If you develop WordPress themes, chances are that you fall into one of two camps. You may be the person who takes premium themes and customizes them to your client’s wishes. Or, you may be a custom builder who writes everything from scratch. Chances are you use a lot of the same code, functions, and themes in your endeavors, and may even have a core theme created with all of those little bits of code.
Regardless of your method to the madness, I cringe a little bit when I see someone slicing and dicing a theme straight out of the box. You lose the ability to further update functionality in the core theme, and you end up (sometimes completely) rewriting the theme just to make your site work. It’s inelegant, and may lead to problems in the future. But, there’s a better way: Build a child theme, and customize that intead.
A child theme is a theme that is based on an already created template set. It takes the functionality, color scheme, options, and code from the parent theme and allows you to make changes without messing with the original code. If you update the parent theme, the child theme will still retain any changes while adding any new functionality straight in — a win-win for everyone!
Funny thing: It’s highly underutilized. A survey by Elegant Themes shows that only 35% of people who customize their theme use a child theme when doing so. I think it’s because people don’t understand how. And I’m here to fix that!
Creating a Child Theme
Step 1: Create a sub-folder for your child theme (FTP)
You can name it ‘themename-child’, or name it something completely different. That’s up to you.
Step 2: Create the minimum files for your child theme
At the bare minimum, you need a style.css file. This file will do two things:
- Contain the over-writes for any style changes you want to make
- Let WordPress know that this theme is a child theme instead of a parent theme.
Here’s an example of the top of my old style.css theme
/* Theme Name: The Binary Church Version: 3.0.3 Description: This is a child theme. Author: Mitch Canter Author URI: https://mitchcanter.com Author Email: email@example.com License: GNU General Public License v3.0 or later License URI: http://www.gnu.org/licenses/gpl-3.0.html Template: parthenon-core */ /* Import Standard Styles ---------------------------------------------------------------------------------- */ @import url( '../parthenon-core/style.css' );
There’s a couple of things worth noting here:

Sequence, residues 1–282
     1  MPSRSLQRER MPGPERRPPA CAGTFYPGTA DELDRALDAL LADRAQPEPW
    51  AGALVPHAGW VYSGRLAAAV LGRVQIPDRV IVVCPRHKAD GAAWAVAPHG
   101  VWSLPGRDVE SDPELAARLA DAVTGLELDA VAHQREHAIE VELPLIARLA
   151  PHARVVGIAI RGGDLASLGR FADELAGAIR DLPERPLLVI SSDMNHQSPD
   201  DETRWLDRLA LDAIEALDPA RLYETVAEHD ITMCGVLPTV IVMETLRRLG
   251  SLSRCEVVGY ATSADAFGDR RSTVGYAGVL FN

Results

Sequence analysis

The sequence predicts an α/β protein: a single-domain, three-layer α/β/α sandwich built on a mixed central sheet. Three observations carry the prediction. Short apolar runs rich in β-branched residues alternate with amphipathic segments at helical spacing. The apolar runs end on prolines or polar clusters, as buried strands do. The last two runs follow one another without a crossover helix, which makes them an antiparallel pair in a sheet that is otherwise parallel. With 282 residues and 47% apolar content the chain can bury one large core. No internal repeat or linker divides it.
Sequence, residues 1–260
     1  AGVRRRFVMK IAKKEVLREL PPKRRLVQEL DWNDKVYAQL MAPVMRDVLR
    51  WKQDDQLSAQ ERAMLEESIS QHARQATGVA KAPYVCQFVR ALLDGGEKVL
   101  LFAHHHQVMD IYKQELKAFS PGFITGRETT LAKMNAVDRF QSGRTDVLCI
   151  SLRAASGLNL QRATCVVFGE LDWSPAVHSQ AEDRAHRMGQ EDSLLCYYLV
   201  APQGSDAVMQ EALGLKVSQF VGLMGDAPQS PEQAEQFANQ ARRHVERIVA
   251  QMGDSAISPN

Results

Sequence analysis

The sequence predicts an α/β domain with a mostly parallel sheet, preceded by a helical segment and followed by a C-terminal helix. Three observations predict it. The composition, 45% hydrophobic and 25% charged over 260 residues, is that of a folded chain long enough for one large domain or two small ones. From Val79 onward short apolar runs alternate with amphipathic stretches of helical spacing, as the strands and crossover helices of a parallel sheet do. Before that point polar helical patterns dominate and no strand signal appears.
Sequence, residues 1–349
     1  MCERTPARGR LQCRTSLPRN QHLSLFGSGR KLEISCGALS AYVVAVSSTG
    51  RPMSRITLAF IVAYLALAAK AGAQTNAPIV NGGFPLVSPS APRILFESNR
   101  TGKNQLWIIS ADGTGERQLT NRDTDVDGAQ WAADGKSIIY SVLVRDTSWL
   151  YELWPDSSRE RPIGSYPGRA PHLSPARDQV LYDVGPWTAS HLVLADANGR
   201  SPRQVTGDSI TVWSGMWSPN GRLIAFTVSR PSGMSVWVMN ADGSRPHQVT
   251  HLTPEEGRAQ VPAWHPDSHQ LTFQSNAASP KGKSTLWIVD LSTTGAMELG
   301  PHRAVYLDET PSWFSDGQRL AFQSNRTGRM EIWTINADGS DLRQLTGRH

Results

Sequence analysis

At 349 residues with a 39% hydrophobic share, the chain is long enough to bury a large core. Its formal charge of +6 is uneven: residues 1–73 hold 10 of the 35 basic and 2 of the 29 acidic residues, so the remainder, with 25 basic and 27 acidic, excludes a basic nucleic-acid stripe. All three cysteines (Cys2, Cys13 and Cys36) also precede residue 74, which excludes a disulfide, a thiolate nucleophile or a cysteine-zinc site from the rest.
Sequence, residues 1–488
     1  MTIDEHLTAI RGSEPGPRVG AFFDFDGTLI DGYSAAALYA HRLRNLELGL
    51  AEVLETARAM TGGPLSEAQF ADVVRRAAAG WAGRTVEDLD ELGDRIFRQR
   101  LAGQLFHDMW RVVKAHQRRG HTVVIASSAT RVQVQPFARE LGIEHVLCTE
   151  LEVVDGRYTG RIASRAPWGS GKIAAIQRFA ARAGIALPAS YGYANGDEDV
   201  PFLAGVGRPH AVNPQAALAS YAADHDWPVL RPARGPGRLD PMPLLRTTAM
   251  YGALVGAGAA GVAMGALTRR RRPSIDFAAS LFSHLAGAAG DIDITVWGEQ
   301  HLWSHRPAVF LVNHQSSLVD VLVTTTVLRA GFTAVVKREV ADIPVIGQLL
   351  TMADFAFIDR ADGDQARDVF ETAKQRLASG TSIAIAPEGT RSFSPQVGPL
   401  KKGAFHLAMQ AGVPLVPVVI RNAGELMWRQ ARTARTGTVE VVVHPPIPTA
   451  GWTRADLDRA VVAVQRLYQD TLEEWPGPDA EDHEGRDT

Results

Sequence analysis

- The ‘template’ line has a link to the folder name of the theme I’m building on top of. That could be ‘standard’, ‘twentytwelve’, or any number of things – it’ll depend on which theme you’re using.
- That same slug is used below in the @import URL statement. That import statement brings in the current theme’s stylesheet.
- The only required entries here are Theme Name and Description – everything else is optional (but nice to have).
Step 3: Activate the Theme in WordPress
Once you’ve done this, go back to your site and view it. It should look exactly the same – and that’s good! Unless you’ve made any style changes to the theme, nothing will be different – it’s still pulling from the old styles (and your new stylesheet). One thing to keep in mind: any new styles you add need to go under the import statement; the order of operations say that styles further down the file will overwrite ones closer to the top, so any styles you use will over-write the default styles pulled in by the import statement.
Step 4: Make a copy of any .php files in your WordPress theme you want to change
Want to add something to the header? Make a copy of header.php and insert it into the new folder. Now, WordPress will call that file first, and will call any changes. Any un-changed files can remain in the parent theme directory and will be untouched.
A Quick Rule of Thumb on Theme Location using BlogInfo
There’s two ways to pull information from a theme’s folder using <?php bloginfo(); ?>: ‘stylesheet_directory’ and ‘template_directory’. Using ‘stylesheet_directory’ will pull from the child theme folder, while ‘template_directory’ will pull from the parent theme folder. Make sure to use them accordingly!